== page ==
LOCAL food and drink companies are preparing to attend one of the world’s largest food trade events in Dubai, United Arab Emirates, from 17-21 February. Held at the Dubai World Trade Centre, Gulfood will attract over 98,000 visitors over the five days, welcoming more than 5,000 exhibitors from 193 countries showcasing products across 8 primary market sectors.
Supported by the Welsh Government, 14 Welsh companies from across the food and drink sector in Wales will be present under the Cymru/Wales banner all looking to promote their products and increase their export markets.
The Welsh companies exhibiting include Llaeth y Llan/Village Dairy, Rachel’s, Dairy Partners Ltd, Daioni Organic, Fayrefield Foods Ltd, Calon Wen Organic Dairy, The Lobster Pot, Ty Nant Spring Water, Euro Foods Group UK, Prima Foods UK Ltd. Alongside these, representatives from Castle Dairies Ltd, Hybu Cig Cymru/Meat Promotions Wales, Dunbia and Village Bakery Ltd will also form part of the Export Visit.
Lesley Griffiths, Minister for Environment, Energy and Rural Affairs, believes that it is vital for the industry to take advantage of such opportunities to continue to develop global markets: “Our food and drink sector is one we can rightly be proud of and we need to ensure that everybody knows about it. It is important that we maintain our visibility and showcase our innovative products at key global trade events.
“We are committed to supporting Welsh businesses having a presence at events such as Gulfood, as it is crucial in giving ourselves a strong platform to sell Welsh produce around the world. With Brexit approaching it is more important than ever that we champion Welsh produce and support food and drink businesses in every way we can. We need to help them build relationships with businesses in their sector so they can learn about new technologies, explore foreign markets and be competitive in their industry.”
A company looking to make an impact and will be introducing their Afternoon Tea range at Gulfood is Llanelli’s Prima Foods.
Their classic British gluten-free afternoon tea range features both mixes and ready to bake goods, to include Scones, Choux Pastry and Belgian Chocolate Brownies.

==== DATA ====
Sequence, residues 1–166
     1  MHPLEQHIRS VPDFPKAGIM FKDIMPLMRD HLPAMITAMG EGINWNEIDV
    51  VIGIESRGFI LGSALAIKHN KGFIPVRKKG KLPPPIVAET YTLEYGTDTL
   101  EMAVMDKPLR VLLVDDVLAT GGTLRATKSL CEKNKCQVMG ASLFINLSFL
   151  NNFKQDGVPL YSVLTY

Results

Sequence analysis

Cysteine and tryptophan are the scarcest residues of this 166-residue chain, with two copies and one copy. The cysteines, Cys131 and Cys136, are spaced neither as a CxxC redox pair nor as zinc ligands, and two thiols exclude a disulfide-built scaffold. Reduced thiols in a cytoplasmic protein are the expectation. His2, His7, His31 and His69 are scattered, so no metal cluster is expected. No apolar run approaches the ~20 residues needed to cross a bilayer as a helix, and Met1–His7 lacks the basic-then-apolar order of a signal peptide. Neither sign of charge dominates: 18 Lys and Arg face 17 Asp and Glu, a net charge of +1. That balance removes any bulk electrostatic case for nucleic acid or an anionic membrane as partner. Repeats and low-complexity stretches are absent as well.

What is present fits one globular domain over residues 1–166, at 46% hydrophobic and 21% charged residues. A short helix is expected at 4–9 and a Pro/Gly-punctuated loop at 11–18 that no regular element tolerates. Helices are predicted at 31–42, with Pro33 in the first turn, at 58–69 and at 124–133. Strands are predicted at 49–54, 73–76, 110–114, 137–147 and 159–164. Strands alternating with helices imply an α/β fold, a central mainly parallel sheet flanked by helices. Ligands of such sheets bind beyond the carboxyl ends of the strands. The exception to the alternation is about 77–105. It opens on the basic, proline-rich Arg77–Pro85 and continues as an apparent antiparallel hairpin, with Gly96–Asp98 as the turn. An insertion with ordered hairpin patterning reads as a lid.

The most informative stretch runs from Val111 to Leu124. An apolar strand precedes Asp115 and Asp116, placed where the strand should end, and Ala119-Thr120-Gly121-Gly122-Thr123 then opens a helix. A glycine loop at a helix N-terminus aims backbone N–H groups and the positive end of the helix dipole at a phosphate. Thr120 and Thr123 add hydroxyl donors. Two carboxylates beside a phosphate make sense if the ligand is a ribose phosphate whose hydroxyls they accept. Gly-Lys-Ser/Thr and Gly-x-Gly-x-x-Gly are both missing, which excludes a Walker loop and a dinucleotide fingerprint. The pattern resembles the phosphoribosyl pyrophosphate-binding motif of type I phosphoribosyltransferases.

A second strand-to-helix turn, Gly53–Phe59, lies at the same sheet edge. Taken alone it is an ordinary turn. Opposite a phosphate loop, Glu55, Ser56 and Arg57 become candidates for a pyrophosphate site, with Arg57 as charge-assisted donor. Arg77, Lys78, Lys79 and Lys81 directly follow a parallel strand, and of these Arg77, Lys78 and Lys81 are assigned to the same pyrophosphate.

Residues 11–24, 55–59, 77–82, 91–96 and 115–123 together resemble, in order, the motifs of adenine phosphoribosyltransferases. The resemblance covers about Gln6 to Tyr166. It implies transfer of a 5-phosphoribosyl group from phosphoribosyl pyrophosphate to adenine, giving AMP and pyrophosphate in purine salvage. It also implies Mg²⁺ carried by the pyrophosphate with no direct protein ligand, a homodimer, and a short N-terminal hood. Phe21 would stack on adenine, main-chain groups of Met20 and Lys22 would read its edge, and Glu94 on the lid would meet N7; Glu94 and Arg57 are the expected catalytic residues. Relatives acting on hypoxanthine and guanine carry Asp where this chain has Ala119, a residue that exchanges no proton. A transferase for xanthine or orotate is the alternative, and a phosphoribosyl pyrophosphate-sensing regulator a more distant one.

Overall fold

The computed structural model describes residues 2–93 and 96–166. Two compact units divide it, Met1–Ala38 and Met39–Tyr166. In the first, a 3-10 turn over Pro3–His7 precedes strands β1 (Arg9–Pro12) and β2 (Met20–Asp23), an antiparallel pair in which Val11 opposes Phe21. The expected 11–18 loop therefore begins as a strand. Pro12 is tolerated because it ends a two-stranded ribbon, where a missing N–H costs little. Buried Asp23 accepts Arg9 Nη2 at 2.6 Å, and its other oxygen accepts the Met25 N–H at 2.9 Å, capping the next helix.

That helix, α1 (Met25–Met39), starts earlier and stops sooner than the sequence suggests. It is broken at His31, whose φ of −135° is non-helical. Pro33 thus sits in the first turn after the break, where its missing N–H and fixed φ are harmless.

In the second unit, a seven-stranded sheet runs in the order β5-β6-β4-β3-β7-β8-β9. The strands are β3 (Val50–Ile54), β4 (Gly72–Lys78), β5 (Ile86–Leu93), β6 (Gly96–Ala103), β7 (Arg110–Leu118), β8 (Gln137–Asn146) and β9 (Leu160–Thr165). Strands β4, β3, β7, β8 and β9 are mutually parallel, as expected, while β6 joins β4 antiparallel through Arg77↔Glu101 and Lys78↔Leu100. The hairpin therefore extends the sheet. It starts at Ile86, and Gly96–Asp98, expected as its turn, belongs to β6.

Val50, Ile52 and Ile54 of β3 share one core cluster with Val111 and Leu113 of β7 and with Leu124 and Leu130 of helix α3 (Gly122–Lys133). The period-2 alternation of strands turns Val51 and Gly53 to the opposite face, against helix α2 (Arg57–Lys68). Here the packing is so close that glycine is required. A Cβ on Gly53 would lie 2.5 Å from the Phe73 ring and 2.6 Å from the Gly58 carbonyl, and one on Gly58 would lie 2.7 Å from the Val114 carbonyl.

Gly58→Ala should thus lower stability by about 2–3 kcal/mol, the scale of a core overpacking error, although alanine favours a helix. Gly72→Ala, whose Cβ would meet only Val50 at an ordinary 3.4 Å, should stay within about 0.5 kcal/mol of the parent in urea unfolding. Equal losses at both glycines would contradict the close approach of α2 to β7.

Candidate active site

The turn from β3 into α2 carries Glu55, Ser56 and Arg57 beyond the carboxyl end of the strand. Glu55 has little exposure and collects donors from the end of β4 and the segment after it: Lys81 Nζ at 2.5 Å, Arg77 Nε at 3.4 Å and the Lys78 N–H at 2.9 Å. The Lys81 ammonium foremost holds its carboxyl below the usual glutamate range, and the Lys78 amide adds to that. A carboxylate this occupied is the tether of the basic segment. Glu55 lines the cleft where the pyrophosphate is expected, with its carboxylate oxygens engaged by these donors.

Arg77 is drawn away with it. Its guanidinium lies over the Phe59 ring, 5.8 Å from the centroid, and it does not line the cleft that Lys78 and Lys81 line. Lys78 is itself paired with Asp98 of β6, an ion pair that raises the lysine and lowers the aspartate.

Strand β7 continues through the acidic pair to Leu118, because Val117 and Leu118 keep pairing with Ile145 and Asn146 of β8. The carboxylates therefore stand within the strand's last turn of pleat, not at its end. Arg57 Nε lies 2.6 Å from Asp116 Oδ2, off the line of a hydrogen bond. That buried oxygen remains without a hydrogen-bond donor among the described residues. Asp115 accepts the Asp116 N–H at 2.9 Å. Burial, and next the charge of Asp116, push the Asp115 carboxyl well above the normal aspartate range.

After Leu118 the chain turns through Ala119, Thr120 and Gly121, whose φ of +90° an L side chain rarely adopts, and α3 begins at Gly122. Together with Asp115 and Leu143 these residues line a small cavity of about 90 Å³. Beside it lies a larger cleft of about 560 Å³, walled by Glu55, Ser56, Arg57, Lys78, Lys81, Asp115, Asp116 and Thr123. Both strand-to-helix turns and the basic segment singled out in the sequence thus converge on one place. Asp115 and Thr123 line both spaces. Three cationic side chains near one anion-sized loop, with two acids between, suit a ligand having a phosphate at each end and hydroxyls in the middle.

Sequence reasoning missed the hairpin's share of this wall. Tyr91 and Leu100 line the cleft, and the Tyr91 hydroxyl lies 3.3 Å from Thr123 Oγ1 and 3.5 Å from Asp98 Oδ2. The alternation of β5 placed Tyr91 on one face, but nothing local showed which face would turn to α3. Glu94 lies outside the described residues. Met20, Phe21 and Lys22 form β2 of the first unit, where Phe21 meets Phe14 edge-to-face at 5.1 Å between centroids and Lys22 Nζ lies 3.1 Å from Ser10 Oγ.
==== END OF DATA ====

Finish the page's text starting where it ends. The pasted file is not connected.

Massimo Bishop-Scott, Head of Innovation at Prima Foods said: “Afternoon teas have seen a bit of a resurgence and are an incredibly popular menu offering. They attract consumers outside the normal lunchtime/dinner eating occasions which provide incremental revenue for restaurants and hotels.
“We spotted that there was a gap for great tasting gluten-free offerings on the afternoon tea menu and set about making products that tasted just as good as the gluten-containing equivalent. A number of our customers in the UK have been so impressed with the taste and texture of our products that they have replaced their existing gluten containing range with our Chefs Promise range.”
One company looking to build on its existing links with the UAE is leading organic milk producer Daioni Organic from Boncath.
In June 2018, they began working with Truebell, their exclusive distributor to the UAE and have launched into Carrefour and Choithrams with other retailers to follow throughout 2019.
In 2018, Daioni launched a new iced coffee latte which they will be presenting at Gulfood for the first time this year.
Chief Operations Officer at Daioni Organic, Daniel Jones said: “We have seen high growth in the overseas markets in the past couple of years, particularly from the Middle East and Asia. We see this expansion as well as our presence at Gulfood, as a great opportunity to enter growing markets and to invest in our existing relationships.”
New drive supports women entrepreneurs
ECONOMY MINISTER, Ken Skates is calling on the business community to support a new initiative aimed at increasing the number of women entrepreneurs in Wales and providing them with the best possible support.
The Welsh Government’s new Supporting Entrepreneurial Women programme was informed by the work of a panel of experts, convened in 2017 to consider how best to encourage, develop and support female entrepreneurship in Wales.
The panel, chaired by Helen Walbey, considered an array of academic evidence and literature on women in entrepreneurship, spoke to a range of businesswomen, representative groups and partner bodies, and aligned its work with the principles of the Massachusetts Institute of Technology’s Regional Entrepreneurship Acceleration Programme which is championed by Be the Spark in Wales.
The result is a new Framework for Supporting Entrepreneurial Women in Wales and a Good Practice Guide to inform how the Welsh Government and business community works to drive the number of women entrepreneurs in Wales.